The American Academy of Pediatrics revised its guidelines related to treating childhood obesity, and more consistent dialogue between doctors and parents, as well as more aggressive lifestyle adjustments, are among the revisions.
One of the most stigmatizing topics in our world today is conversations that involve a person’s weight and the implications of being either overweight or obese. This conversation is even more difficult when it is regarding our children and the long-lasting health impacts that are associated with a person who remains in the obese range for their lifetime. That is why the American Academy of Pediatrics has released new guidelines for all healthcare providers and parents to proactively address childhood obesity more aggressively than had been done in the past.
Back in 2007, the last time the Academy updated its guidelines on overweight and obesity issues in children and adolescents, the guidance was to use a watchful waiting approach to addressing these issues. However, after collecting and analyzing the data over the last 15 years, the American Academy of Pediatrics have found no benefit in taking that approach, so they are now recommending a more aggressive approach that will increase the dialogue between health providers and parents. According to ABC7 news, “The new guidelines recommend they be used for all children over the age of 2 with overweight and obesity.”
The guidelines recommend that children over 6 years old can receive monthly behavioral therapy sessions to assist with making long-lasting healthy changes to their food and activity choices. Depending on the individual’s situation, teens might be eligible for weight loss medications along with continued diet and exercise regimens. For teens that are suffering from severe obesity, weight loss surgery could be a safe and effective option for them.
This is a major change in direction from the previous “watchful waiting” approach, but as the data showed, that approach was extremely ineffective in curing childhood obesity. The AAP is asking that physicians work with parents on how to make additional health and lifestyle changes that the parents can model for their children that encourage them along with their daily physical activity. The first major hurdle both health providers and parents will face is removing the stigmatism that has always surrounded conversations about a person’s weight.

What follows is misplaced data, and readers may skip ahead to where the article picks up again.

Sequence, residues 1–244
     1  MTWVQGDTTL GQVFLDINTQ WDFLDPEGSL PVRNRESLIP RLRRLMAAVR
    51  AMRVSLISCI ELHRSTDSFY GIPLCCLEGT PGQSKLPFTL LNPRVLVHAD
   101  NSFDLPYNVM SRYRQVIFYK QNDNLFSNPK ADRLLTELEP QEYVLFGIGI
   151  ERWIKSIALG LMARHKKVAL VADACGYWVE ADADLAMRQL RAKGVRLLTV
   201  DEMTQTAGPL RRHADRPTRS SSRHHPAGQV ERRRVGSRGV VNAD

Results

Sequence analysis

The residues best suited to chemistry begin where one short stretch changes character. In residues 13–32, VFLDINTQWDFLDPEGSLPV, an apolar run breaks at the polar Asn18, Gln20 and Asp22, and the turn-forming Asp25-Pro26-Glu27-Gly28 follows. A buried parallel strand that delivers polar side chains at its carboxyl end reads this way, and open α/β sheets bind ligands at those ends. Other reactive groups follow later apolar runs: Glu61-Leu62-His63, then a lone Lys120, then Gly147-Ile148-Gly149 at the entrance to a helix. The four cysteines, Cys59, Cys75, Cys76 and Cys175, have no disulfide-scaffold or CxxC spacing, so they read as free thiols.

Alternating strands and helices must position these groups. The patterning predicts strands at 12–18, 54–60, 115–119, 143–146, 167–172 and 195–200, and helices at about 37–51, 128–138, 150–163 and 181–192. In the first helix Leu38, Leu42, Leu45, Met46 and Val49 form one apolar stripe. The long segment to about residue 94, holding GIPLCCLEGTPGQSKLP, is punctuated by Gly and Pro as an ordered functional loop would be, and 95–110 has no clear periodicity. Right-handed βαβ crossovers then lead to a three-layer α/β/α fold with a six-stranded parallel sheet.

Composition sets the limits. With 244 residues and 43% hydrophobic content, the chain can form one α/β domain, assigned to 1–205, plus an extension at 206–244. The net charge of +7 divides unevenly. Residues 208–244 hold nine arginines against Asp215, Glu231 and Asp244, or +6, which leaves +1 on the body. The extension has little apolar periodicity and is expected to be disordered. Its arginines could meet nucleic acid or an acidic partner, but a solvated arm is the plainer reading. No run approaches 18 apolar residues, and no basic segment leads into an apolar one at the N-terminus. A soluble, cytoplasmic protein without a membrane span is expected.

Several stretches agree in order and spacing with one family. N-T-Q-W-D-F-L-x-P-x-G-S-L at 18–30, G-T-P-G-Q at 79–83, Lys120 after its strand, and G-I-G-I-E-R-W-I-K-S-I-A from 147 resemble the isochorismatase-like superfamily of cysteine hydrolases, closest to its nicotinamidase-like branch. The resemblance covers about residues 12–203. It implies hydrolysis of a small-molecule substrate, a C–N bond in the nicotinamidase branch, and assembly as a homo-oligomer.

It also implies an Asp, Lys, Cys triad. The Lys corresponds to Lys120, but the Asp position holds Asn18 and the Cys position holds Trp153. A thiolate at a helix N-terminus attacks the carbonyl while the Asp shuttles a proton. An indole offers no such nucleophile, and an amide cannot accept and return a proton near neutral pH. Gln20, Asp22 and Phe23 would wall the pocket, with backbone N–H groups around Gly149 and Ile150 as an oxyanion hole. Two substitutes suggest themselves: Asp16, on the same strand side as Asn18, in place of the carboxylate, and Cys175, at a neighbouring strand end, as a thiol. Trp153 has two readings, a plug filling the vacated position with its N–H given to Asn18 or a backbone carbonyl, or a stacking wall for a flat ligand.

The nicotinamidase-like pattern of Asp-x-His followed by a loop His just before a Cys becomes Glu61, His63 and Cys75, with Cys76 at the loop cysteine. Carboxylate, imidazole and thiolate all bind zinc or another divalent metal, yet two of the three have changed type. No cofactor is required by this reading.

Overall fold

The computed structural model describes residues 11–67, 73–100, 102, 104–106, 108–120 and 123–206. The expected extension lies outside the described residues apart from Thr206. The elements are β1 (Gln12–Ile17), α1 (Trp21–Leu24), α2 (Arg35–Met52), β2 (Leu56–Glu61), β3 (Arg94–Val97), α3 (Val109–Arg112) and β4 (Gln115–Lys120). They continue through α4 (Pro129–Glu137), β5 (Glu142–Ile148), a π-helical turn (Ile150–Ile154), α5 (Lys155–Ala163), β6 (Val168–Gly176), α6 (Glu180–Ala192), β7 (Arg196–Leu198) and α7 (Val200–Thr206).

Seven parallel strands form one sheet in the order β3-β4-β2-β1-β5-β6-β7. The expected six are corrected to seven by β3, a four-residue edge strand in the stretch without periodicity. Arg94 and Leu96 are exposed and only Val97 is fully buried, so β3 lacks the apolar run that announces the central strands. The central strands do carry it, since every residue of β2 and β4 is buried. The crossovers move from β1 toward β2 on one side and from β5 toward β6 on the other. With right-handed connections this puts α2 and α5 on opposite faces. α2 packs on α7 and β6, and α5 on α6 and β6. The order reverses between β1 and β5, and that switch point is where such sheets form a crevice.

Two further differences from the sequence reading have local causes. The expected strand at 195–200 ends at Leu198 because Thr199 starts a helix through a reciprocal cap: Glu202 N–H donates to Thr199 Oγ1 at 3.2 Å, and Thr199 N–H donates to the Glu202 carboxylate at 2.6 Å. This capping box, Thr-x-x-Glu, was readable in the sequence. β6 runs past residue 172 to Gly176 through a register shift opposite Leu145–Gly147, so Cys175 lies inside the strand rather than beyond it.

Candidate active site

Even though childhood obesity is a common occurrence, many of our children and teens face a weight-based stigma that also takes a toll on a person’s mental health, especially since many of the factors that contribute to obesity such as genetics and structural racism are out of that person’s control. Yet, they are the ones who are publicly humiliated by the fact that they find themselves in that obese category.
Most of us are even unfamiliar with how obesity is determined in this country, and the correct answer is by using a person’s body mass index (BMI). The way BMI is determined is by taking a person’s height and weight to compare to others that are the same age and gender. You are considered overweight when your BMI is 85 percent or greater than that comparison group, and you are considered obese when your BMI is at or above 95 percent in comparison to that group.
What’s at stake is our kid’s long-term health, as there is more than enough data that clearly shows that childhood obesity is directly related to a higher percentage of cases of type 2 diabetes, heart disease, obstructive sleep apnea, and clinical depression. Now our children will be screened for childhood obesity at each routine checkup, instead of your doctor waiting to see if it starts to get out of control. They will be opening that dialogue with the parents right then and there to come up with a plan to help them change course and get that child or teen proactively on a road to a brighter and healthier future.